Each year the National Safety Council compiles a statistical list that ranks various fatality risks. The Odds of Dying report can peg your lifetime chances of croaking from cancer (1 in 7), car accidents (1 in 98), bee stings (1 in 79,842) and even a lightning strike (1 in 134,906).
If you ask people what they think the biggest risks facing investors are right now, chances are they'll tell you the uncertainty over what might come from the impending debt ceiling and sequestration budget cuts. And yet, a growing number of market watchers are starting to see this ''self-made crisis'' for the sham that it is.
"Congress likes to take these things right down to the wire, and I think that can lead to a lot of trepidation," says David Lefkowitz, senior equity strategist at UBS.
He refers to the unknown outcome of the negotiations as the "Big Wildcard" and accepts the fact that uncertainty will exist until some last-minute fix is put in place. However, when asked to calibrate the risk of a stalemate and whether Wall Street is prepared for that, Lefkowitz sees less risk.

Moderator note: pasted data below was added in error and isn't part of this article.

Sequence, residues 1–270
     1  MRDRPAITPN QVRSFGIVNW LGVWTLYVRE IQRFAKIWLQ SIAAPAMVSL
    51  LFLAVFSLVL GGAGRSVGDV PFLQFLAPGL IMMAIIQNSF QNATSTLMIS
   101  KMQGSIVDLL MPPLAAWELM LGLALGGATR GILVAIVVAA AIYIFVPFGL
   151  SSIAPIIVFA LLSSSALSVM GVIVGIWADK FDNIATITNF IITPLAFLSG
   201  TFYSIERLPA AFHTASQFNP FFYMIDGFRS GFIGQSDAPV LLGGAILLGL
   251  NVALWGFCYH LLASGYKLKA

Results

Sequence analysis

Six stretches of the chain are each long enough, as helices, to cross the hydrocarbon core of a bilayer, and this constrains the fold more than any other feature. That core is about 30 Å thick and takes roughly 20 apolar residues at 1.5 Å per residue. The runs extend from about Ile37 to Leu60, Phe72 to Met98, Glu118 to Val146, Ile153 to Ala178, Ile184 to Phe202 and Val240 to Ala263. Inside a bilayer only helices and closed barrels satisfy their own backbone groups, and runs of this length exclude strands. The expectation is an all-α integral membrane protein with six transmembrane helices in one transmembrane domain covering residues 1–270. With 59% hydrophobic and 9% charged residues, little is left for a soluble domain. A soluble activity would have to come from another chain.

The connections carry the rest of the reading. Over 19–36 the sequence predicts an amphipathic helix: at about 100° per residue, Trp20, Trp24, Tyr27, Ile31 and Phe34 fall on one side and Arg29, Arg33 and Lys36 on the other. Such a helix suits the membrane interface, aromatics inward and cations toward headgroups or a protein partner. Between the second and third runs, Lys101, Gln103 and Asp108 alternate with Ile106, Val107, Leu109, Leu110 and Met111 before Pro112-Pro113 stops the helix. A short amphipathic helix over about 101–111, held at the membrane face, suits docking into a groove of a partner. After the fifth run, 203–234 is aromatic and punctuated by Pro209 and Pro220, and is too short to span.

"I think the market is pricing in that there will be a solution, at almost 100%," he says, meaning if there isn't, things could get really ugly. "If we see any type of concern that there's not going to be a solution, markets will pull back." Just how much, is anybody's guess.In the meantime, the two sides are wasting no opportunity to gouge their political opponents over every dime the government spends nowadays. Just look at the prolonged battle that occurred along the way to passing disaster relief for Hurricane Sandy victims — a process that historically has been done on the fly with a simple voice vote.
This is not to say the debt and spending debate isn't important, because it is. In fact, Lefkowitz says it is ''critical that the government get it right" and find a way to "stabilize the debt to GDP." If not, we will be right back where we started in a couple of years, he says, when Medicare and Medicaid expenses ramp up in 2016 and 2017.